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I have some problems with a rotating marble.
I've tried it with Matrix.CreateFromYawPitchRoll and Matrix.CreateRotation but there were some problems, I think it's due to the Gimbal lock effect.

So, I've tried using quaternions instead, but nothing changed.
When moving on only an axis it works fine, but when the rotation occurs on two different axes the marble still rotates on wrong axes.

Here's my code:

// declarations
Vector3 Position = Vector3.Zero;
Vector3 Rotation = Vector3.Zero;
Quaternion qRotation = Quaternion.Identity;

AbsoluteBoneTransforms = new Matrix[Model.Bones.Count]; 
            Model.CopyAbsoluteBoneTransformsTo(AbsoluteBoneTransforms); 

In the Update method:

Position += speed;
Rotation = speed * MathHelper.ToRadians(-1.5f);

Quaternion rot = Quaternion.CreateFromAxisAngle(Vector3.Right, Rotation.Z) *
                Quaternion.CreateFromAxisAngle(Vector3.Backward, Rotation.X);

qRotation *= rot;

And in the Draw method:

effect.World = AbsoluteBoneTransforms[mesh.ParentBone.Index] * 
  Matrix.CreateFromQuaternion(qRotation) * Matrix.CreateTranslation(Position);

What's wrong?

EDIT

I've tried calculating directly the axis of rotation of my marble, instead of using combination of multiple axes:

angle += speed.Length() * angularVelocity;
qRotation = Quaternion.CreateFromAxisAngle(Vector3.Cross(speed, Vector3.Up), angle);
qRotation.Normalize();

angle is a float that keeps track of the current movement. This solution doesn't seem to create Gimbal lock, but marble rotations aren't correct, it seems that the rotating speed is not constant, but became faster and slower over time, I can't understand why.

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  • \$\begingroup\$ I'm gonna have to throw a remark at you: quaternion operations can also easily lead to gimbal lock! See this for an explanation opengl.org/discussion_boards/showthread.php/… . However, a gimbal lock occurs if and only if one axis moves rigidly with another (i.e. you really have a gimbal-like joint hierarchy). Your problem surely comes from how you compute your rot quaternion. To solve it, try and directly compute the axis of rotation and the angle, instead of composing two rotations... and rotates on wrong axes = in what way? \$\endgroup\$
    – teodron
    Oct 7, 2013 at 8:57
  • \$\begingroup\$ I've tried to compute directly the axis of rotation like this: Vector3 axis = Vector3.Cross(speed, Vector3.Up); but the rotation is still wrong. "Rotates on wrong axes" means that if I rotate on X and Z both it seems that my rotation involves Y, too. \$\endgroup\$
    – pinckerman
    Oct 7, 2013 at 10:51
  • \$\begingroup\$ related: gamedev.stackexchange.com/questions/23238/… \$\endgroup\$
    – teodron
    Oct 7, 2013 at 13:44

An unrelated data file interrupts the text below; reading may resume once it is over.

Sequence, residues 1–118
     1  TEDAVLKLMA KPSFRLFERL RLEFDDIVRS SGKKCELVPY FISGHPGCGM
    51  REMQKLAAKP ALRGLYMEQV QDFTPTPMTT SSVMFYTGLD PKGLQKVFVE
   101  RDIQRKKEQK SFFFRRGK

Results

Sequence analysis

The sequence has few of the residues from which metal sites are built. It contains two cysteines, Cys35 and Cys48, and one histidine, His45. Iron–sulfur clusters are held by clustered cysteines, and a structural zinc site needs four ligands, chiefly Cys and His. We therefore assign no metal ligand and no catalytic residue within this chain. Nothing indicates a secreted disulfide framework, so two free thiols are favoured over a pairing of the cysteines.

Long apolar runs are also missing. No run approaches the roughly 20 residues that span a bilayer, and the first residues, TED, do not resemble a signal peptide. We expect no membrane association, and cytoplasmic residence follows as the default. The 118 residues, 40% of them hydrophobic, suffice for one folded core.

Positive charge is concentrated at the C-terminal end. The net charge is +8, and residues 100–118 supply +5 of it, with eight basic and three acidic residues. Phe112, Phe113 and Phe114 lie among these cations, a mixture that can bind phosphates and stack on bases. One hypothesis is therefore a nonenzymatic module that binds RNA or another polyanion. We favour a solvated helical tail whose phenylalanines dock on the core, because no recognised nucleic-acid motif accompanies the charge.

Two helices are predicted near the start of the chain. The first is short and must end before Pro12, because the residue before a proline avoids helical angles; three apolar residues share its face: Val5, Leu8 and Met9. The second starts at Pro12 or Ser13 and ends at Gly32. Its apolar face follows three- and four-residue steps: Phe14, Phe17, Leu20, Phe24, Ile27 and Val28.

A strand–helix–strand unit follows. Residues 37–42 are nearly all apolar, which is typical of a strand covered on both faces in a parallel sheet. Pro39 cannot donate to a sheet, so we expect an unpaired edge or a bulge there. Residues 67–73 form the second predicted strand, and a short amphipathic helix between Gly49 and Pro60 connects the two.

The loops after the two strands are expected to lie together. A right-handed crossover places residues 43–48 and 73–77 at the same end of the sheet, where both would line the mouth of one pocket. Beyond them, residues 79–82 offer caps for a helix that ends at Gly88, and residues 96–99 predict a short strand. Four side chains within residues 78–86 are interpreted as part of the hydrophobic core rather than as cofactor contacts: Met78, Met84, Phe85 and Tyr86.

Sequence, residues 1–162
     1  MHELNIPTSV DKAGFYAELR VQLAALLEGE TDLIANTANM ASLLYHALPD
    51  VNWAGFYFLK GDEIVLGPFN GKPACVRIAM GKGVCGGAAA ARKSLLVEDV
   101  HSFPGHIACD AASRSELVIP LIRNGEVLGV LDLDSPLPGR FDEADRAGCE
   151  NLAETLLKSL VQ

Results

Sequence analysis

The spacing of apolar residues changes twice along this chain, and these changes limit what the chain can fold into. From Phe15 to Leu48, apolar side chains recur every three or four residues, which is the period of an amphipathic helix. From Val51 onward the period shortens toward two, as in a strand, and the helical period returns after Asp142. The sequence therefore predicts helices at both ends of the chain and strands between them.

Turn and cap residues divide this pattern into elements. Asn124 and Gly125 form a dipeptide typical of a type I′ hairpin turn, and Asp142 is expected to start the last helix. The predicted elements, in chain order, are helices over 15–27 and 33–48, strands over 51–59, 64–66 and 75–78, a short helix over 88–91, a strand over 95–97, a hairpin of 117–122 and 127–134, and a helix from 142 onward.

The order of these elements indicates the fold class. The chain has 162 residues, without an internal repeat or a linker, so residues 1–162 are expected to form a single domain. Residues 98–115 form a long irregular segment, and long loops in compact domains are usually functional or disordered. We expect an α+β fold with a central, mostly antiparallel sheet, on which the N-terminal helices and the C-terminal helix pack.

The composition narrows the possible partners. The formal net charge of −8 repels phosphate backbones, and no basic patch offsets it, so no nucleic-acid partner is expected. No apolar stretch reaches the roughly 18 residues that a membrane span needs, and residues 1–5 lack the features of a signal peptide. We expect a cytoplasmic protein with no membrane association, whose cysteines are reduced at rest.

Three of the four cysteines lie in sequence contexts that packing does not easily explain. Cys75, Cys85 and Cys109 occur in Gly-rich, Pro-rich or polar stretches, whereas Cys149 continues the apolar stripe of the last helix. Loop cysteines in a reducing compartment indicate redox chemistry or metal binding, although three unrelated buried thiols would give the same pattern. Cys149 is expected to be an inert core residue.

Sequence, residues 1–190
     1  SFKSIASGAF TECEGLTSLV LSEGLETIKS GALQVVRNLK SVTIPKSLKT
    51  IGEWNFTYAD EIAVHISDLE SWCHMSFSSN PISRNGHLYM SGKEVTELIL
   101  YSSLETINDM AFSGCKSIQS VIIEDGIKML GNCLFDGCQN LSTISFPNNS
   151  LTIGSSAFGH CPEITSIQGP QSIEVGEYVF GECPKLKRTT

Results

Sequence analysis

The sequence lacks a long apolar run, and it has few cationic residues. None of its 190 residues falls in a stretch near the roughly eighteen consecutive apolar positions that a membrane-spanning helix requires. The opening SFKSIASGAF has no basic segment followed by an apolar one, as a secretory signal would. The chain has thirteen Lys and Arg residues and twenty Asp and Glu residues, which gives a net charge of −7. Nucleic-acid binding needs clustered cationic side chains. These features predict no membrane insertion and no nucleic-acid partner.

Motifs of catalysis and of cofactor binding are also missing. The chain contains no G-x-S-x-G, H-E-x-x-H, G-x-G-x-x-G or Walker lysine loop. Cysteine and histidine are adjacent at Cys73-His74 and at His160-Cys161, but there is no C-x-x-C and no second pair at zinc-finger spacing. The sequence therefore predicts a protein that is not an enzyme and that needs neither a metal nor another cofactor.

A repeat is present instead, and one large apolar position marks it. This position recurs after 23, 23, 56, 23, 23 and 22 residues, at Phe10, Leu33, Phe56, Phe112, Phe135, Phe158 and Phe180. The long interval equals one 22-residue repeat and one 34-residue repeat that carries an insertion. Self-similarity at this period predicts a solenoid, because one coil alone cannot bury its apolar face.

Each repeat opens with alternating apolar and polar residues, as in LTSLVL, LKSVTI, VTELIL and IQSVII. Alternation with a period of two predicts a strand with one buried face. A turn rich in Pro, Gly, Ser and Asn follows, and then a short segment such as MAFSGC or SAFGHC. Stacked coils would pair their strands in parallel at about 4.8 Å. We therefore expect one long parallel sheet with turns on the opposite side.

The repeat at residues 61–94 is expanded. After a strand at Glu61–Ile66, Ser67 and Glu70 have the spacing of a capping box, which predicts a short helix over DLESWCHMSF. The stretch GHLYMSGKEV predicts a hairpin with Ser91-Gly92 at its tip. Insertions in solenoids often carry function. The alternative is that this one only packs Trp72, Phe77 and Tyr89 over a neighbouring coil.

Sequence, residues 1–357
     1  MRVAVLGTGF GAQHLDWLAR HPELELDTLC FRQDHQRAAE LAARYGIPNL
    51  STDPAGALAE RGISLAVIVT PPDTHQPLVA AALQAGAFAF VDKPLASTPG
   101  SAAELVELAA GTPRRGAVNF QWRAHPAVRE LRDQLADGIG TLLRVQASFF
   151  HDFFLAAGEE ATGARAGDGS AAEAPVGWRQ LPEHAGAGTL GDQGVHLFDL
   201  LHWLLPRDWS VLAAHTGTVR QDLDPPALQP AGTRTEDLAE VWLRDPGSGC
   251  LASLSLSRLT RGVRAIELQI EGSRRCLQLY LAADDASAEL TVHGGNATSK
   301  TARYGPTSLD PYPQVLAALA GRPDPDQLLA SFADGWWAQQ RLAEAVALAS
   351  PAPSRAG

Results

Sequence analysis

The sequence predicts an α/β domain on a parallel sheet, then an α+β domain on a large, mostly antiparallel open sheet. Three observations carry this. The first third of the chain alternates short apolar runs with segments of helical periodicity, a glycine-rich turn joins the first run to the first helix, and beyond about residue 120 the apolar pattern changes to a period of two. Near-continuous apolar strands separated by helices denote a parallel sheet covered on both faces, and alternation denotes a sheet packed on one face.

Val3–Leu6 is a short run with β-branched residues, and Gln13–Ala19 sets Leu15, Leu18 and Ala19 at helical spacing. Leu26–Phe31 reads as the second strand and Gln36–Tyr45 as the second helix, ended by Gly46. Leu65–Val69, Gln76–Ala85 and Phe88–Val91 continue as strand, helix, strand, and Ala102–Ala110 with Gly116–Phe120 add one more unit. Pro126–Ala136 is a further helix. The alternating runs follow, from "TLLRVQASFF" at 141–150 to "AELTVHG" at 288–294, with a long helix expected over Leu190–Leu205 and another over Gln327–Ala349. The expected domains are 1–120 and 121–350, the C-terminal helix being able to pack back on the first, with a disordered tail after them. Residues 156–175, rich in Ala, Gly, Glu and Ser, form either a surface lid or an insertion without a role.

• \$\begingroup\$ I've corrected a mistake (not updating the quaternion) and I've added a few remarks you should really consider to achieve a more synchronized effect \$\endgroup\$
    – teodron
    Oct 7, 2013 at 15:55

1 Answer 1

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Although I don't know any XNA, this might help you "cheat" your way into achieving that rolling effect of the marble:

Position += speed;

angle = Magnitude(speed) * MathHelper.ToRadians(-1.5f);

Quaternion rot = Quaternion.CreateFromAxisAngle(Vector3.Cross(speed, Vector3.UP), angle);

qRotation *= rot;

So, instead of multiplying quaternions and achieving a chaotic wobbly effect, you should only update the angular position and use that to achieve the rolling effect.

Later edit:

What happens when your sphere moves from position A to position B:

  • the speed is used to translate it (you should consider adding a deltaTime to make it more FPS independent)
  • you know how much the ball moves: |AB| = |speed| (for your particular case) so you can determine how much it has rolled/rotated around the cross(speed, up) vector/axis. This amount is the angle |AB|/(2*pi*radius) - you should incorporate the marble radius to achieve believable roll with no sliding/slippage
  • lastly, qRotation is updated to reflect the sphere's current rotation w.r.t. to its starting pose

Of course, the correct way to achieve rolling behaviour from a physically accurate POV is to use the inertia tensor.

I implemented a short OpenGL demo using the following snippet to update the rolling sphere (and it worked):

  double radius = 0.1;
  static Quaternion qRot = identityq<double>();
  static double dTime = 0.002;

  Position += Velocity * dTime;
  double angle = length(Velocity) / radius * dTime;
  Vector3 axis = cross(Vector3(0,0,1), Velocity);
  normalize(axis);

  qRot = quat_from_axis_angle<double>(axis, angle) * qRot;
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  • \$\begingroup\$ I've already tried something like this, but maybe I'm doing something wrong. Your answer seems the right way, I'll try. \$\endgroup\$
    – pinckerman
    Oct 7, 2013 at 14:29
  • \$\begingroup\$ I'll update my question with what I did now. \$\endgroup\$
    – pinckerman
    Oct 7, 2013 at 15:27
  • \$\begingroup\$ I don't know why, but only if I overwrite qRotation (instead of multiplying qRotation *= rot) the Gimbal lock effect disappears. \$\endgroup\$
    – pinckerman
    Oct 7, 2013 at 16:14
  • \$\begingroup\$ That's really not gimbal lock. I forgot to modify the angle computation :(.. sorry. You're not supposed to accumulate angle offsets like in my initial code, you must directly use them to update the quaternion. The quaternion update will accumulate the correct rotation offset. \$\endgroup\$
    – teodron
    Oct 7, 2013 at 16:27
  • \$\begingroup\$ Ok, that's clear, anyway if I update the quaternion the resultant rotation still occurs on wrong axes :( \$\endgroup\$
    – pinckerman
    Oct 7, 2013 at 17:07

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